For writing a cd-extra cd you would need DAO or DAO96, because it is in effect still an audio cd (which wants DAO in order to follow the standard). If it has also cd-text you need DAO96.

my query has created a big hot debate here.

what do the 2 sides suggest me then ??

Shall I use DAO or DAO/96 for writing normal data CDs ???

With all the information provided in this thread I think you should come to the conclusion that you don’t need DAO/DAO96 when writing normal data cds.

Now something about each unique way of helping users and answering question by alexnoe and inertia. I think/believe that alexnoe is very knowledgeable on this subject (and other subjects of course :slight_smile: ) and all the information he has provided above is correct. But his answers have the tendency to be technical (because he tries to be correct as possible). Inertia tries to help users from another point of view. He tries to summarize information which makes it understandable for the average user. In my opinion this is a good approach because it helps the majority of the average users. Alexnoe’s way of helping users is also good of course but sometimes his expert knowledge needlessly confuses things for the average user. Btw, I think that Andy McFadden’s CD-Recordable FAQ is mainly targeted at the average user. For real in-depth information on cd’s it is not best information source available.

I haven’t read the mentioned parts of the CD-Recordable faq but I know what kind of information is provided in there. One discussion topic between alexnoe and inertia I want to clear up.

Originally posted by Inertia
RAW writing with DAO/96 would absolutely be the wrong choice for backing up of normal data files, and usually would have utility only for copying discs with CD Text, CD+G, or some copy protections.

When data files are written RAW in DAO/96, the error correction is not reconstructed which can lead to generation loss errors.

The first part is correct. The second part is not correct. Generation loss can only occur if raw reading is used before raw-writing the image.

Originally posted by alexnoe
The problem of copies of a copie does not exist in the mainchannel data at all if proper media is used (that does not cause E32 errors when reading). Only subchannel data has a generational loss (not even C1 is performed).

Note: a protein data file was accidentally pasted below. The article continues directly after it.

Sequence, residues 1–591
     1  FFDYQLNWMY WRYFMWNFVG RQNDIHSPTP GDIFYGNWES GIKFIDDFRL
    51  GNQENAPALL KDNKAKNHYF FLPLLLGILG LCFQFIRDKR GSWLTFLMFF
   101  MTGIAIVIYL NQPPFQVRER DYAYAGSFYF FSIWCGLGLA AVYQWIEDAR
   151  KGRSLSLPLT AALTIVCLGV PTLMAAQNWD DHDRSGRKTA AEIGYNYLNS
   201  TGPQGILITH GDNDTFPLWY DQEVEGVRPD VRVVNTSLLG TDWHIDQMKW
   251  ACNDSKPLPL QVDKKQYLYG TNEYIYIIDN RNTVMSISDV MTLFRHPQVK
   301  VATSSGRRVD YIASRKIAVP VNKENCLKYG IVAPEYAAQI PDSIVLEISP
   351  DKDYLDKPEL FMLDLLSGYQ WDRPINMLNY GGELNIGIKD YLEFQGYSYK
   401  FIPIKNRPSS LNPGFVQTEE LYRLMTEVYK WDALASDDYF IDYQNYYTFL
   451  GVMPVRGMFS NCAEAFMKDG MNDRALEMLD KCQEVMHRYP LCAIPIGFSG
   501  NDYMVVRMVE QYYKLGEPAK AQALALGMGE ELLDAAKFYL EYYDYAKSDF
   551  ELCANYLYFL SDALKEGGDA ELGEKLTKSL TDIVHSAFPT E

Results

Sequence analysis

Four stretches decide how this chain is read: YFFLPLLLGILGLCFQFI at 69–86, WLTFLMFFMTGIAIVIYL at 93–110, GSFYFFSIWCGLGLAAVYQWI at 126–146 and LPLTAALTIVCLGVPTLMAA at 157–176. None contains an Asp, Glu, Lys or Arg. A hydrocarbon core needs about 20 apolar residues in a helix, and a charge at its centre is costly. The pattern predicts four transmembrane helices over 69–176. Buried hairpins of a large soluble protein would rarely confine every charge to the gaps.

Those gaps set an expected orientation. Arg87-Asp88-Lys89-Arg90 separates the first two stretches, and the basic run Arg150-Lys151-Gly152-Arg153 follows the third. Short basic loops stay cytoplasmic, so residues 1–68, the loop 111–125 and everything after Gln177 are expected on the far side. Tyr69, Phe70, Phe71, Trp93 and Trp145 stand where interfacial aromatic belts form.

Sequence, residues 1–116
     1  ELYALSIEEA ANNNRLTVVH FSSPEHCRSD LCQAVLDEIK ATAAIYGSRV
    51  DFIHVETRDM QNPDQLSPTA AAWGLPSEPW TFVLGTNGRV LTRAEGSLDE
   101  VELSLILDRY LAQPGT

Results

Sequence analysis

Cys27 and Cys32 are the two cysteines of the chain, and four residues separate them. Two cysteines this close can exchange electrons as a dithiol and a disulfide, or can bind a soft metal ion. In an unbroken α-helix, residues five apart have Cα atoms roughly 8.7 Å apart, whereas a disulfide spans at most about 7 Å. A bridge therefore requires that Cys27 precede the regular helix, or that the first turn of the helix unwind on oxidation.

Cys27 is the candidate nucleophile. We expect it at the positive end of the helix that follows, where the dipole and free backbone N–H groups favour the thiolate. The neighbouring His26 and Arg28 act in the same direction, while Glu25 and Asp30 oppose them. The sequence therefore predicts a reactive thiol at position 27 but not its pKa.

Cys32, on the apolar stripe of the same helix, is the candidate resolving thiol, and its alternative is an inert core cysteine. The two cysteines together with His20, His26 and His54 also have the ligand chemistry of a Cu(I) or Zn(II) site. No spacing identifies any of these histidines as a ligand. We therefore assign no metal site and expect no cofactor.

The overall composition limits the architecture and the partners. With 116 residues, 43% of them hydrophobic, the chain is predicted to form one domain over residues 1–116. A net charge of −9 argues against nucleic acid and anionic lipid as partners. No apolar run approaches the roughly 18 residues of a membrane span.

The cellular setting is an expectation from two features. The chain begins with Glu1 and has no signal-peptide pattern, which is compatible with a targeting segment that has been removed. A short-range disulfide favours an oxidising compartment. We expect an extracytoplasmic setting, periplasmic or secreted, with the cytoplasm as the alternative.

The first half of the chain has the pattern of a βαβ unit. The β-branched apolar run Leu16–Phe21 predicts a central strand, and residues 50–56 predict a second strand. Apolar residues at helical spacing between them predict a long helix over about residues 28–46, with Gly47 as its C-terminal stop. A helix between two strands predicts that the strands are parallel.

This is correct because of the additional remark on E32 errors. E32 errors are errors which are not correctable by the standard C1/C2 error correction mechanism. In order to correct these E32 errors the C3 error correction information is needed.

So when you make backups of backups and you use raw-reading and raw-writing it is possible that you get generation loss errors whenever an uncorrectable C2 error occurs, because you have turned off the C3 error correction level. But when you are reading normally and you write the data raw there is no possibility for generation loss errors.

I hope that I have cleared things up. I hope I haven’t offened anyone. I am glad that we have an expert moderator like alexnoe and very knowledgeable users like Inertia, but I don’t like it when these people start fighting/flaming each other… The purpose of CDFreaks is still to help other users out I would say!

:slight_smile:

First, the actual problem is that each software uses different terms! If they all would comply to defined terms (DAO/96 is none of them), it would be easier to discuss these!

When burning normal data don’t use DAO/DAO96, use a normal writing method.
What is a normal writing method?

[quote]RAW writing with DAO/96 would absolutely be the wrong choice for backing up of normal data files
The first part is correct. [/quote]No, it isn’t! Assuming that neither software nor firmware are buggy, DAO and DAO/96 produce the same discs when burning normal data or audio. So why should either mode be the wrong choice? If one is the wrong choice, then one of the 2 equal discs would be worse :wink:

For some LiteOns+Nero, this statement is not true btw. When writing AudioCDs with Nero in my LiteOn using DAO, Q-Mode-3 data (=ISRC codes) is added by the writer :Z , so you should use DAO/96 (due to bad firmware in this case)

When writing in raw mode (which can only be done in DAO/DAO96 mode (and maybe SAO?))
:confused: DAO means “SAO and finalize disc”, nothing else.

I use “normal” DAO for everything I burn.